Across all sectors, the COVID-19 pandemic has accelerated digital transformation. It has changed education, with schools, higher education, corporate training, and lifelong learning forced to shift online at a pace at odds with the typical feet-dragging. For all education providers, online teaching is now a crucial part of their tuition mix.
This report provides an overview of the edtech theme.
It identifies the key trends impacting growth of the theme over the next 12 to 24 months, split into three categories: technology trends, macroeconomic trends, and regulatory trends.
It includes comprehensive industry analysis, including forecasts for edtech revenue to 2030.
It contains details of M&A deals driven by the edtech theme, and a timeline highlighting milestones in the development of edtech.
The detailed value chain shows comprises four core segments: learning materials, tools and enablers, learning platforms, and education providers. Leading vendors are identified for sub-categories across three of these segments.
From the start of the edtech revolution, the driving forces have been start-ups and private companies in China, India, and the US. Investors have heavily backed China’s after-school tuition companies, but their incessant advertising and spiraling prices have prompted political action few could have foreseen.
The Chinese government’s new regulations require tutoring companies to be non-profit, effectively barring foreign investment. The impact ends the immediate IPO ambitions of companies like Tencent-backed Yuanfudao and VIPKid and Alibaba-backed Zuoyebang. It has also wrecked the market capitalizations of Chinese education players listed in the US. The likely outcome is that foreign investment will switch to India, where Byju’s –the most valuable edtech start-up worldwide – will IPO within 18 months. Byju’s has already made nine acquisitions to date in 2021.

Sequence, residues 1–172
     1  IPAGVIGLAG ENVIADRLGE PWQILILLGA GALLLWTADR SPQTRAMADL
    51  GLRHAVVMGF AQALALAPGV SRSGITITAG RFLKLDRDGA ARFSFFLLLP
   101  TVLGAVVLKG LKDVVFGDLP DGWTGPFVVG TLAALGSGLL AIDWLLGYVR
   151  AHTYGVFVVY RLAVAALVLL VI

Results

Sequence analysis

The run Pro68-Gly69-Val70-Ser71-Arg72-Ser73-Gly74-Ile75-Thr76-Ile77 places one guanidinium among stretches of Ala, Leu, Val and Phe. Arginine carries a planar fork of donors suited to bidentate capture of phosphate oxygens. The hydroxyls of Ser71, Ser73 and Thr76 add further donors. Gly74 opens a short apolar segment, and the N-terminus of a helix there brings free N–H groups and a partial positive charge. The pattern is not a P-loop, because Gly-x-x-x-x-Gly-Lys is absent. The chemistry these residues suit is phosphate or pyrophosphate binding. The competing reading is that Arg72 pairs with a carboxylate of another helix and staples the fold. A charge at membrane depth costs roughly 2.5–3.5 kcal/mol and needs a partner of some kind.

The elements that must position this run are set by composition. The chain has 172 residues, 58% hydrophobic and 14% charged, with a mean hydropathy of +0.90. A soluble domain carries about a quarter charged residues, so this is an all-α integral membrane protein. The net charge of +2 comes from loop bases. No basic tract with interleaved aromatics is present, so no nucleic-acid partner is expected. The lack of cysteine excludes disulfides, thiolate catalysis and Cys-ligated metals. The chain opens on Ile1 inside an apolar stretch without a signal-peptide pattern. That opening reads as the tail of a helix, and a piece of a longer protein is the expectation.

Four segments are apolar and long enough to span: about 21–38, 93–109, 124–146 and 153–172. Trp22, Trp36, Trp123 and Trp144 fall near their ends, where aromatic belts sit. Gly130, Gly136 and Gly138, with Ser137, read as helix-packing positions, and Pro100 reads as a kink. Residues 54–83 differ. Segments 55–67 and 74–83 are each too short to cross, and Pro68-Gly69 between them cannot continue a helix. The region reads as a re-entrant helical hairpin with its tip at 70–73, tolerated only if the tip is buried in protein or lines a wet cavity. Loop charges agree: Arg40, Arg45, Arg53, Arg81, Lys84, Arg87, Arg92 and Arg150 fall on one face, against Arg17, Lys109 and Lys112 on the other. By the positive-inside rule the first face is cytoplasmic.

In the US, the higher education sector is changing. The June 2021 announcement that edX, the massive open online course (MOOC) created by Harvard and MIT, was being sold for $800m to 2U, a software as a service (SaaS) platform that helps run online universities, rocked Big Ed. The ructions will continue for some time amid a continued digital transformation drive.
According to GlobalData forecasts, global edtech revenues will reach $538.5bn by 2030, having grown at a compound annual growth rate (CAGR) of 14% between 2019 and 2030.
Reasons to Buy
Few good things have come out of the pandemic, but greater adoption of technology for education purposes by schools, higher education institutions, and individuals may well be one.
As the virus’s severity became apparent, governments worldwide had to enforce lockdowns that severely limited learners’ ability to meet in indoor spaces. For schools, higher education institutions, businesses, and lifelong learners, COVID-19 and its social and economic implications necessitated new approaches to education.
Edtech has helped re-establish engagement between teachers and lecturers and their students. The pandemic has acted as a catalyst for education providers’ greater adoption of hardware, software, and services.
This report provides a clear and comprehensive overview of the edtech theme and explains the conditions driving its growth. It also includes details of the key technologies changing the education industry and the leading vendors across all aspects of the edtech market.
Houghton Mifflin Harcourt
Ping An Insurance
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